Posts Tagged ‘macroeconomics ’

The Great Expectations Game

Sunday, June 3rd, 2012

Place your bets

Amid this summer’s bumper crop of books on global economics, one title is generating exceptional buzz, and deservedly so.

The book is Breakout Nations: In Pursuit of the Next Economic Miracles, by Ruchir Sharma, who leads Morgan Stanley’s emerging markets practice. He’s been a columnist at Newsweek and the Economic Times of India.

At his day job, he places bets on potential winners – a task that was easier in the past than it will be in the future based on his outlook. Traveling regularly to the countries he analyzes, Sharma brings a valuable, on-the-ground view to his work.

Thoughtfully composed, Break Out Nations takes readers on contrarian’s tour of the world where macro forces lift some economies while hindering others.

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A New World Bank Leader for a New Era?

Friday, April 13th, 2012

A gentleman’s agreement

Since its inception in 1946, the World Bank has had 12 presidents, each of them an American. The practice of choosing an American for the job has gone unopposed given that the U.S. has been the world’s biggest donor nation. Similarly, the Europeans traditionally pick one of their own to run the IMF. This arrangement is known as a “gentleman’s agreement”.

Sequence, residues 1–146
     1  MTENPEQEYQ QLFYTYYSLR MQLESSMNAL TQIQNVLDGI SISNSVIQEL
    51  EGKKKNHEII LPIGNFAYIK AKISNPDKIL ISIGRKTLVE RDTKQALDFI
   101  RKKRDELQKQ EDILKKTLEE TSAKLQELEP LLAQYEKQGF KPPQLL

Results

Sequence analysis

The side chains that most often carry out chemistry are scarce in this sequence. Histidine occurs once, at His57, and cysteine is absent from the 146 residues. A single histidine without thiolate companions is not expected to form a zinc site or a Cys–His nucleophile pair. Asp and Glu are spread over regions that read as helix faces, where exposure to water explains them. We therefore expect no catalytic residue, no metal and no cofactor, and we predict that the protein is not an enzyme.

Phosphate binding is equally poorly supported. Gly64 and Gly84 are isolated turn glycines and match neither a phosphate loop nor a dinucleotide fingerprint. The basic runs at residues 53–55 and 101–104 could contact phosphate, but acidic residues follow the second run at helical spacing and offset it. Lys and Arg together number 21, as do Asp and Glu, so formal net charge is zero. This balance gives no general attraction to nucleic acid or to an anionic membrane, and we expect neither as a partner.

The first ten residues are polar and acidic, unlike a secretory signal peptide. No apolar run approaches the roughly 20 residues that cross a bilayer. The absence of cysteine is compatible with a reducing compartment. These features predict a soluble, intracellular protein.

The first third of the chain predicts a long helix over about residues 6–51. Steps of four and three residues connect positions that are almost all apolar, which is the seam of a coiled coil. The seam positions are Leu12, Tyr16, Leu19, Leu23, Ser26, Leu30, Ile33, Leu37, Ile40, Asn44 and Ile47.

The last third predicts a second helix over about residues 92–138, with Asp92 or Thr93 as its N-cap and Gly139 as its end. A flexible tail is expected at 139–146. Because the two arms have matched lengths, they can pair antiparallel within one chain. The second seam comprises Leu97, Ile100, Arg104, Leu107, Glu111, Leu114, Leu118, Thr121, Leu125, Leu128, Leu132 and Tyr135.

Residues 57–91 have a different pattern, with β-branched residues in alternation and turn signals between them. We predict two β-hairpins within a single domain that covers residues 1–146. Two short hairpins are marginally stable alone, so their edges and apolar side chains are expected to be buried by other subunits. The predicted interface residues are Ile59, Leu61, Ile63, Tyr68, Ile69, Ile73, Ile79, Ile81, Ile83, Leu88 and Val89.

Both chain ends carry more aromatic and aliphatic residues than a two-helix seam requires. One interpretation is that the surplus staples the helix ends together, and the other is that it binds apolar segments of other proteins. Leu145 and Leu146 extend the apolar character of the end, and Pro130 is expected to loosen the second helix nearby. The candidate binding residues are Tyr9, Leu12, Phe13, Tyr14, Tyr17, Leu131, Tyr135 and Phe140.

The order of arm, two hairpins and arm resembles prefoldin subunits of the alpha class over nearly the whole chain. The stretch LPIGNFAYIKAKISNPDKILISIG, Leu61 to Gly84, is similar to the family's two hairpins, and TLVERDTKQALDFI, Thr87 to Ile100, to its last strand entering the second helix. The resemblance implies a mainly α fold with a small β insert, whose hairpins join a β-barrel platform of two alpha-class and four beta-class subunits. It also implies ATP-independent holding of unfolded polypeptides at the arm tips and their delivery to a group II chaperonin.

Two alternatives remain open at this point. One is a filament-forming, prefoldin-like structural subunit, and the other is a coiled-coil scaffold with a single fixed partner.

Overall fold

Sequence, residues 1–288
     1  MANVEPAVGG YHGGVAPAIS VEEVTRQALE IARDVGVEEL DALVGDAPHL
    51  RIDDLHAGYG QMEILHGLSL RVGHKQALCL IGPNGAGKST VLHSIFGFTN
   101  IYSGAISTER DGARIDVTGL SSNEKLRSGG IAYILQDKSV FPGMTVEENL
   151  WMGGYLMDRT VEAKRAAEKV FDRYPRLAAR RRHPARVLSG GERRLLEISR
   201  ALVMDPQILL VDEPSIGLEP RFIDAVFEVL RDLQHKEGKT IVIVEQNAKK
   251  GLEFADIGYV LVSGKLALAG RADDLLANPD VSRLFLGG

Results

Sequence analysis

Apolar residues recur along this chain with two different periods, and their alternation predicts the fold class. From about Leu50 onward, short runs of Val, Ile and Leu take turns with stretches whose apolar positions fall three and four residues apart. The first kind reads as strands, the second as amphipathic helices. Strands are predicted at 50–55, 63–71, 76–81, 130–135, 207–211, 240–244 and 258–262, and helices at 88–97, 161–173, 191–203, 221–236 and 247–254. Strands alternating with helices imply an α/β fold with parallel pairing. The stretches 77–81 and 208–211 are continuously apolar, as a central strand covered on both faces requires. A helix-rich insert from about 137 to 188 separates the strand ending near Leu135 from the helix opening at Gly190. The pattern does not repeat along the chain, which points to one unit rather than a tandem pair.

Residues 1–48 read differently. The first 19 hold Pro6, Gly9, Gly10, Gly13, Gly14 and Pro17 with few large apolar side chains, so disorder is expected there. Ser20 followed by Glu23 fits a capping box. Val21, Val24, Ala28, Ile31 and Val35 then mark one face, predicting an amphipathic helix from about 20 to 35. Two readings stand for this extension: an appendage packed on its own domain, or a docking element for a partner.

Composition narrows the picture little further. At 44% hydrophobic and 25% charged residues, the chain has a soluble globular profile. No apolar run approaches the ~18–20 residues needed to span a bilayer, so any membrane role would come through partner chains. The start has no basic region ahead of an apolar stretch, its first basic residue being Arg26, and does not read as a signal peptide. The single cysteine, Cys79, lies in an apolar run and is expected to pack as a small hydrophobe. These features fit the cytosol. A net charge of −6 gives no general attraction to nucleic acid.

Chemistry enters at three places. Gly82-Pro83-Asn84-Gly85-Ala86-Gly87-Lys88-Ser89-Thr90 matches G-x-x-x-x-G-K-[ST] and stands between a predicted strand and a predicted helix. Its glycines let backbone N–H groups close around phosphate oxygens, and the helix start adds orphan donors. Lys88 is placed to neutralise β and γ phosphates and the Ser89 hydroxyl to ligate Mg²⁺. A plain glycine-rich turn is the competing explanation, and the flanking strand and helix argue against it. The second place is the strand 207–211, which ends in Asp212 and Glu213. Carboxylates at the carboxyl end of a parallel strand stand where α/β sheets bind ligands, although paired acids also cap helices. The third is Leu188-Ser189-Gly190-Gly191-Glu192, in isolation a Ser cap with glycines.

But this year there’s a wrinkle in the World Bank process. A battle is underway among three candidates vying to succeed the incumbent president, Robert Zoellick, whose term ends in June.

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A Tale of Two Economies

Tuesday, November 15th, 2011

Booming São Paulo

The West and the Rest

This is a tale of two economies with interlocking features. One has excess supply; the other has gnawing demand. In the West, economic growth is slowed while emerging markets are busting at the seams. An explosion in the number of urban, middle class consumers and related factors is powering growth in emerging markets.

The World Bank estimates that, on average, emerging nations will grow by 4.7 percent – double that of developed countries — through 2025. That growth isn’t only evident in the so-called BRIC nations, but in Turkey, Indonesia, South Korea, and across the developing world. Some of the fast growing regions are in Sub-Saharan Africa.

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